Table of Contents

Bones

Campbell Family Tree

Citrus

City Display Timeline

Ceiling Clouds

Fred the Cat

Ink Drawings

Indian Display

Jessie’s Tools

Publix Tiles

Marjorie Campbell and Jesse Johnson

Map Cabinet

Meares/ Leach/ Brumby

Railroad Oakhurst-Seminole

Seminole Elementary School

VFD - Fire Department

World War II Memorial

Bones


Seminole Historical Society Boca Ciega Millennium Park Bones Exhibit

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Talking Points

  • The Millennium Park Dig was a very significant one because the animals lived here, died here and were discovered here.

  • A 16 year old High School Student found a black rock. She brought the rock home to show her geology student brother. Family contacted paleontology experts. The park was closed and an 11 month dig began. These are those bones.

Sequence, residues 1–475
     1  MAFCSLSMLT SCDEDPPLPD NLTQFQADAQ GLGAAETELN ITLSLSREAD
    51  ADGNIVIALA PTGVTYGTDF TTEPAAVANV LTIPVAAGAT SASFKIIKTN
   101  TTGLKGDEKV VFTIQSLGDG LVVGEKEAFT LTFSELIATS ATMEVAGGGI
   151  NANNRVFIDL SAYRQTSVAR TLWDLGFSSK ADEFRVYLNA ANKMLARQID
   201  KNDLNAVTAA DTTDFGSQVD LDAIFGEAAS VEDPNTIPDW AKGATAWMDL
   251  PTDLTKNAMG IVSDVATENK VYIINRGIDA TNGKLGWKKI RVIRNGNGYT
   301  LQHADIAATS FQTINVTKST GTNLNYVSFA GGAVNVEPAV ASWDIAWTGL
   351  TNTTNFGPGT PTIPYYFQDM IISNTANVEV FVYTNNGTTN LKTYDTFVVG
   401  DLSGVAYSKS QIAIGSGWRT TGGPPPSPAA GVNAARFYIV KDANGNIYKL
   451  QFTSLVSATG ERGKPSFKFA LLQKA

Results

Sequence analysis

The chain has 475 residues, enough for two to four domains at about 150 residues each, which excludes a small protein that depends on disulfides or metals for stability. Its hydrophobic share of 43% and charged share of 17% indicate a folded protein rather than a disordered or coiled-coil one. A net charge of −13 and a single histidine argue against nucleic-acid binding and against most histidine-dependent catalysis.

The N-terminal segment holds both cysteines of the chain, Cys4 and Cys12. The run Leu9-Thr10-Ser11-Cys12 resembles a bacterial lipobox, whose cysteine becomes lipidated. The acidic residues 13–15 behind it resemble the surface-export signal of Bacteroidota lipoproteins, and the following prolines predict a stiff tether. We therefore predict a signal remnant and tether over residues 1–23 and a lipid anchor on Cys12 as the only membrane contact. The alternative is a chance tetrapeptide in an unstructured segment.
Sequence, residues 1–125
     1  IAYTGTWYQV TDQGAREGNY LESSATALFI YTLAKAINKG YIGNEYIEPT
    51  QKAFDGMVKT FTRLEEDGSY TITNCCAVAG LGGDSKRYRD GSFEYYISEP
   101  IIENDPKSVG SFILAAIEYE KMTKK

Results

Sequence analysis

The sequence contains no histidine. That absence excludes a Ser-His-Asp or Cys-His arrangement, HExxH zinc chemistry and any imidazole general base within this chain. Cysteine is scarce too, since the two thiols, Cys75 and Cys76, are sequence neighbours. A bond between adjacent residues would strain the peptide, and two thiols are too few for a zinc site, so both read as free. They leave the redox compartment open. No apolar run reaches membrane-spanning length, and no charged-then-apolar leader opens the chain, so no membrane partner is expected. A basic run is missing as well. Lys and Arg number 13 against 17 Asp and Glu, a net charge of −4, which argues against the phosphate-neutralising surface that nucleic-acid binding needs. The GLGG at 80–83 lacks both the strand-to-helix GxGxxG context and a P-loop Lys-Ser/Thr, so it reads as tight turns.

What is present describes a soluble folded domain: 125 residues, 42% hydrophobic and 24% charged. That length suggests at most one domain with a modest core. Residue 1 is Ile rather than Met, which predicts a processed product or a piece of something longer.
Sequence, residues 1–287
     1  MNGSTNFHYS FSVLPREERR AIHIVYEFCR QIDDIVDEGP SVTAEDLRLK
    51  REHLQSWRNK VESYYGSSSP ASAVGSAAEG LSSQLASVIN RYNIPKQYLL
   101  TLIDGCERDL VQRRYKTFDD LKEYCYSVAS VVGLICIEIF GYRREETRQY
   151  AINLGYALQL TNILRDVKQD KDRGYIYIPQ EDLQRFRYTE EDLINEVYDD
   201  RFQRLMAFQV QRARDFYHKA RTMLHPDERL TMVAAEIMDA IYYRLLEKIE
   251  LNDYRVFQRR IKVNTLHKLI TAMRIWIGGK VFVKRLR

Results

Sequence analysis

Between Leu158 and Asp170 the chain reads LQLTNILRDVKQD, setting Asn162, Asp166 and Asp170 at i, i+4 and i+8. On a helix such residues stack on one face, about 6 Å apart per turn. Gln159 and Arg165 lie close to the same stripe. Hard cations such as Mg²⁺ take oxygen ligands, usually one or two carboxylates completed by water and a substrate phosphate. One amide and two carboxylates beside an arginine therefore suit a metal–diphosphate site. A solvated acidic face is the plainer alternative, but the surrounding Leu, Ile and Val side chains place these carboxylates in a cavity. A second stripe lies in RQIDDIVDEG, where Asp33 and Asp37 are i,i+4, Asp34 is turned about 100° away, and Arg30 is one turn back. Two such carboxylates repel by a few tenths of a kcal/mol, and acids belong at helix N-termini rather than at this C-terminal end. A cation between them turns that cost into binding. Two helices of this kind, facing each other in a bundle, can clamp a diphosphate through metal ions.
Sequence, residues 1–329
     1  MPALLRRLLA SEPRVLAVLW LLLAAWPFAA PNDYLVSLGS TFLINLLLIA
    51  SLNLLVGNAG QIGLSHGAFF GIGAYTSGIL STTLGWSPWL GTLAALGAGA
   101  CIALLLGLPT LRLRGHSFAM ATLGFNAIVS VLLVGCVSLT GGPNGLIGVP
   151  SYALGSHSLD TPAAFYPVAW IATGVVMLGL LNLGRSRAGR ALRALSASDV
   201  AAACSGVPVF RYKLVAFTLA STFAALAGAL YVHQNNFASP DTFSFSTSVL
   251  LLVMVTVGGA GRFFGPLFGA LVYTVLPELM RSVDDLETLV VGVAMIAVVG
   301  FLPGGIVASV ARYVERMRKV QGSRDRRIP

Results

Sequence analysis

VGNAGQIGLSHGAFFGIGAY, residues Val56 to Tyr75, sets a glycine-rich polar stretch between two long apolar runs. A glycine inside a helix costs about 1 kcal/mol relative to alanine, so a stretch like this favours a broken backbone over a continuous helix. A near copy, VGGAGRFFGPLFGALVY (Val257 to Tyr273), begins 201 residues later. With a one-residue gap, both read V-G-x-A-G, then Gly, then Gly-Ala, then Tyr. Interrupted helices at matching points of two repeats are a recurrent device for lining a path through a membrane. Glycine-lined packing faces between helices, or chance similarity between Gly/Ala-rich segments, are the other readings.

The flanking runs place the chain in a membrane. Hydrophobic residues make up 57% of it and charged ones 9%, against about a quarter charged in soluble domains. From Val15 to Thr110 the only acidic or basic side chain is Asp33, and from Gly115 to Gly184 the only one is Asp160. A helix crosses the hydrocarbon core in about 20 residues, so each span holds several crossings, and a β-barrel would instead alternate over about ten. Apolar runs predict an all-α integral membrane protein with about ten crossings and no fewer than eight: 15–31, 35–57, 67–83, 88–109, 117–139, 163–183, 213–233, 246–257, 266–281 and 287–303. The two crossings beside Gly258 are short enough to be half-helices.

• The mammoth at our museum lived during the late Pleistocene Epoch (Ice Age) about 11,700 years ago.  During the late Pleistocene Epoch, there are signs that the Paleo Indians existed alongside of the mammoths.

  • Height was about 14 to 15 feet. Our museum ceiling is 15’ high.

  • Weight was around 8 - 10 tons - 20,000 lbs.

  • The mammoth jaw in the cabinet is that of a 50 year old male.

  • The single tooth in the cabinet is 16” long.

  • Mammoths were vegetarian and consumed 700 lbs. of tough grasses and other types of vegetation each day.

  • Mammoths had only 4 teeth- two upper and two lower. These teeth were replaced 6 times in their lifetime. At age 43, they would have their sixth set that would last the rest of their lives.  When the molar ridges wore down and the mammoth could no longer grind its food, it died of starvation.

  • A mammoths life span was 60 to 80 years.

  • Mammoths migrated from Asia and Europe 1.5 million years ago.

  • The bones represent bones of a giant tortoise, giant armadillo, horse bones, white tailed deer, Llama, and giant bison.